Colo. St.'s Lubick to interview with Terps Lack of WAC bowl tie may help hasten exit


The landscape has changed for Sonny Lubick.

Lubick, the Colorado State football coach, has confirmed that he will interview for the opening at Maryland, probably tomorrow.

Miami wanted Lubick two years ago, but the threat of NCAA probation was a factor in his decision to turn down the Hurricanes. Now, the politics of the bowl alliance could hasten his departure from Colorado State.

Maryland fired Mark Duffner a week ago today, and Lubick is the latest candidate to acknowledge an interest in becoming Terps coach. The others include Chuck Amato, assistant head coach for No. 1 Florida State, and Jerry Sandusky, defensive coordinator at Penn State.

San Diego Chargers offensive coordinator Ralph Friedgen, a former Terps player and coach, is also considered a serious candidate, at least by Maryland boosters.

Lubick's name was first mentioned in College Park in early November, when speculation increased that Duffner would be dismissed. Sources at Maryland said that Lubick was initially cool to the idea of an interview, but he apparently changed his mind in recent weeks.

"I had not talked to anyone from Maryland until Saturday morning," Lubick told the media that cover Colorado State. "I really don't know a great deal about the job, but I probably would be foolish not to take a look."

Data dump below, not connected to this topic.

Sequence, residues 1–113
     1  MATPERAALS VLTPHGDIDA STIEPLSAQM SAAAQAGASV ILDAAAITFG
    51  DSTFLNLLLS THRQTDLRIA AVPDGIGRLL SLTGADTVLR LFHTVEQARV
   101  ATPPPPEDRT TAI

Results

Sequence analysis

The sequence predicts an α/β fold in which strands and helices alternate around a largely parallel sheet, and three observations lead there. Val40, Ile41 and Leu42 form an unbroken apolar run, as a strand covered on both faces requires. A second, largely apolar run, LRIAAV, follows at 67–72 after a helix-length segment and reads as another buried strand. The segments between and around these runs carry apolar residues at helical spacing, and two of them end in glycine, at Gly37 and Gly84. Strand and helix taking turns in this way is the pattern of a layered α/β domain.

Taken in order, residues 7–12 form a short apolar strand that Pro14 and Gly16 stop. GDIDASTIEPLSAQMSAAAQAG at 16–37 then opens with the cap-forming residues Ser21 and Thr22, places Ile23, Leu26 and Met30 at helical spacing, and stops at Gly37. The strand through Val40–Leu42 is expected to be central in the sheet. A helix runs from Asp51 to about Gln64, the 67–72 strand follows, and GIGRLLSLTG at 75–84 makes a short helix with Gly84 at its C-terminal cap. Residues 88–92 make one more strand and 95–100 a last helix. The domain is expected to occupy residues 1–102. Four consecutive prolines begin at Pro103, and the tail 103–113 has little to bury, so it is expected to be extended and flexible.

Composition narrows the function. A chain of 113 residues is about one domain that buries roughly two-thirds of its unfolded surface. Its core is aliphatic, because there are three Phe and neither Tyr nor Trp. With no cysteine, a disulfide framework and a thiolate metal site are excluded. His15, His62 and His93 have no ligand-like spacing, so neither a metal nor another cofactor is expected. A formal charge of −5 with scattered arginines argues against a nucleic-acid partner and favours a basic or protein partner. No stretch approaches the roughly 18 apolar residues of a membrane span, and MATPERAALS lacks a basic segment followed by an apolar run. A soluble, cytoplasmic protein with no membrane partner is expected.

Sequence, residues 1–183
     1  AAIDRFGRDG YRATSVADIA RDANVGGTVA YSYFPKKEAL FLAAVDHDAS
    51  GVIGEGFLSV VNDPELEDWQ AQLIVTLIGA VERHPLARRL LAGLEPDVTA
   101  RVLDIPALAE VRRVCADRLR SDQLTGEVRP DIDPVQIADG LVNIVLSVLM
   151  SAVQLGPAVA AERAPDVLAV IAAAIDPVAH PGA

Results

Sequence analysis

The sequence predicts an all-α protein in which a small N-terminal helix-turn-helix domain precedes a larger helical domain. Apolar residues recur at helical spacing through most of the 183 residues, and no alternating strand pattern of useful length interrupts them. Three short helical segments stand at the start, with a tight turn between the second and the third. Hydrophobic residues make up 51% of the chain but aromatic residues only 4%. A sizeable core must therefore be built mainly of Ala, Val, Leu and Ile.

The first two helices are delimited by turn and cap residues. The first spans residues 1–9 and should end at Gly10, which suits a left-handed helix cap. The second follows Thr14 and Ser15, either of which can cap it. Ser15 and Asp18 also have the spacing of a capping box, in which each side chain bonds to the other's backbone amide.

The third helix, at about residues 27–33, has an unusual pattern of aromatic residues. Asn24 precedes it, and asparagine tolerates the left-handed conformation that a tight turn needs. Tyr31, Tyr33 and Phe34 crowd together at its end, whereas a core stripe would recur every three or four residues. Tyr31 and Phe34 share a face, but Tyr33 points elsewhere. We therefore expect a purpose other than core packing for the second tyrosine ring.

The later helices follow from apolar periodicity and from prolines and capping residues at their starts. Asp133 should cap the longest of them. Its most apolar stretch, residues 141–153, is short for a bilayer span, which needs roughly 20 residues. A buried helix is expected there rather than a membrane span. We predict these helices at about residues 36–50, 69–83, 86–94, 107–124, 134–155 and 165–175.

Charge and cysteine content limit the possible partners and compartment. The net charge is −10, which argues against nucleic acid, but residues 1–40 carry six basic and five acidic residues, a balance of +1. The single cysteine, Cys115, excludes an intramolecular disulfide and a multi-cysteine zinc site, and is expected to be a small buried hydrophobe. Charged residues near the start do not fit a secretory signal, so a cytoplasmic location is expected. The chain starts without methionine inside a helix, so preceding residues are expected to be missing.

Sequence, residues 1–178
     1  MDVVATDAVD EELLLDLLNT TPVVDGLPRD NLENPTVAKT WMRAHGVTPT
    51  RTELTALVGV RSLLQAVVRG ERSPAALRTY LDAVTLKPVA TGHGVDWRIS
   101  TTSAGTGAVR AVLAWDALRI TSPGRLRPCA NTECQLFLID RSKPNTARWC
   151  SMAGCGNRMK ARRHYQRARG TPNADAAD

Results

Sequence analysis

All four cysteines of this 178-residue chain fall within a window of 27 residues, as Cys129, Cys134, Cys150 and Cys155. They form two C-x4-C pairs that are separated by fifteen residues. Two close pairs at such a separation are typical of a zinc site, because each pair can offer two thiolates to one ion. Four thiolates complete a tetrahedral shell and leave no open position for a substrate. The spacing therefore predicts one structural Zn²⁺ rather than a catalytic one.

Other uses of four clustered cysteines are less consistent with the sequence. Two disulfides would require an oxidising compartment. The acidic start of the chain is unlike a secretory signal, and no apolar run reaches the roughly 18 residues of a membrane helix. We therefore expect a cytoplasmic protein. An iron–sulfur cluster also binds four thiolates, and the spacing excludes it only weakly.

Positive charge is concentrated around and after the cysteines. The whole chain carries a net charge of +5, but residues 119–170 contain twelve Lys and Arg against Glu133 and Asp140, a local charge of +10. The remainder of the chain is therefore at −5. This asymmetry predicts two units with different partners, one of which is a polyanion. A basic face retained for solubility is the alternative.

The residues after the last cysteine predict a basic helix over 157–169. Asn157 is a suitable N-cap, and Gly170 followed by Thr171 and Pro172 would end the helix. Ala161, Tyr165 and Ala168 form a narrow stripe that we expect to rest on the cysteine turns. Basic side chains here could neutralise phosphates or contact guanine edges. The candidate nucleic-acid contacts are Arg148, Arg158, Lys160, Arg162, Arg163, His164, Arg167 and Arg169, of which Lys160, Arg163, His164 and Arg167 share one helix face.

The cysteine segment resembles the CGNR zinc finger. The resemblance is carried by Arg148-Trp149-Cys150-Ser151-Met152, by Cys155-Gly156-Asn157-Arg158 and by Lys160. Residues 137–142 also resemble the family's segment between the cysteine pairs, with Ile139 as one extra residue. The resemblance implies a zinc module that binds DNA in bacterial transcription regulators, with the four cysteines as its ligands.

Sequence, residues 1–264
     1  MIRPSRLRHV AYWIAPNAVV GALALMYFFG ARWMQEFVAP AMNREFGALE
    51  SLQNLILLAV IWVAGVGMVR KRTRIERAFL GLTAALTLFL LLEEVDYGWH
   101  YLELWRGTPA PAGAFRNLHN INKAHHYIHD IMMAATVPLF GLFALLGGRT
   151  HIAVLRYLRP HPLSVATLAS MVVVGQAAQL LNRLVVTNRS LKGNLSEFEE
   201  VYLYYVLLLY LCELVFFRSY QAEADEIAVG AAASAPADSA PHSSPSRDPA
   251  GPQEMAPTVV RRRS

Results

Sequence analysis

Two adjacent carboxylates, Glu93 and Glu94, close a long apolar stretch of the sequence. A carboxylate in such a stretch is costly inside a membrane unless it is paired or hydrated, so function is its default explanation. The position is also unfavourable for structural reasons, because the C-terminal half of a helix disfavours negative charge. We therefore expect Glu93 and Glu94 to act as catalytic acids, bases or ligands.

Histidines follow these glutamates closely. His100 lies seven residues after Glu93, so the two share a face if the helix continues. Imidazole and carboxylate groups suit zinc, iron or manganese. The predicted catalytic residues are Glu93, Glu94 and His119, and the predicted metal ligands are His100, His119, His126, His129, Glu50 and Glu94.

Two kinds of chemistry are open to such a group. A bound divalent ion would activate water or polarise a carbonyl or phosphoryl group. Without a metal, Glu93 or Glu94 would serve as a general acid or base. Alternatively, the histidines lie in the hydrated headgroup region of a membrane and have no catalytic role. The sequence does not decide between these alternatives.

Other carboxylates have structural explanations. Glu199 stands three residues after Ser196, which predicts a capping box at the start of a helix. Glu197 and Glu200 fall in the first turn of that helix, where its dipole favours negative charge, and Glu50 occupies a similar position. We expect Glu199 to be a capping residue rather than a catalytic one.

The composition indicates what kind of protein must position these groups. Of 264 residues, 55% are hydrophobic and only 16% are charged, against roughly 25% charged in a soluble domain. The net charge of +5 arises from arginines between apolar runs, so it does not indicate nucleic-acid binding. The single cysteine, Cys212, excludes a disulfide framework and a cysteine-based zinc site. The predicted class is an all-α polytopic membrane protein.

Lubick, 59, took Colorado State to its greatest heights in 1994 and 1995, when it won its only Western Athletic Conference championships.

After the 1994 season, Lubick was considered the front-runner to to Miami and replace Dennis Erickson, who had left for the Seattle Seahawks.

The NCAA was breathing down Miami's neck over an assortment of violations the school admitted had occurred that led to probation. Instead of taking a job with the Hurricanes that paid a minimum of $700,000 per year, Lubick settled for a $10,000 raise in his base salary, which was $115,000 last year.

Lubick was a Montana State assistant from 1970-77, and the head coach there from 1978-81. He was Colorado State's offensive coordinator from 1982-84, was an assistant at Stanford from 1985-88 and was the defensive coordinator at Miami from 1989-92, when the Hurricanes won two national championships under Erickson.

Lubick followed Earl Bruce at Lubick Colorado State. Lubick's four-year record is 30-17 in a program that had experienced little success. If he stays at Colorado State, he'll bring back 19 starters.

Colorado State went 7-5, 6-2 in the WAC's Pacific Division where it was picked to finish in the middle of the pack. A 25-24 loss to Wyoming in the regular-season finale was the first time under Lubick that the Rams lost a game that they had led after three quarters, and it also knocked them out of the WAC title game.

The WAC is one of the four major-college conferences that was not included in the bowl alliance, and it has gone so far as to threaten legal action to get sixth-ranked Brigham Young (12-1) into one of the major bowl games this season.

Maryland has been to one bowl game since 1985, but the Atlantic Coast Conference has been a key player in the dealings that have brought about the Alliance, and the conference is guaranteed at least four bowl berths.

Colorado State apparently knows that Lubick's tenure could end after four years.

"If I am an AD and I have an opening, Sonny Lubick has to be at the top of my list," Colorado State athletic director Tom Jurich told the Denver Post. "I'm fully prepared for that. It's a terrific compliment to our program. We won't let him go without a fight. He's the one person who is irreplaceable."

Pub Date: 12/02/96

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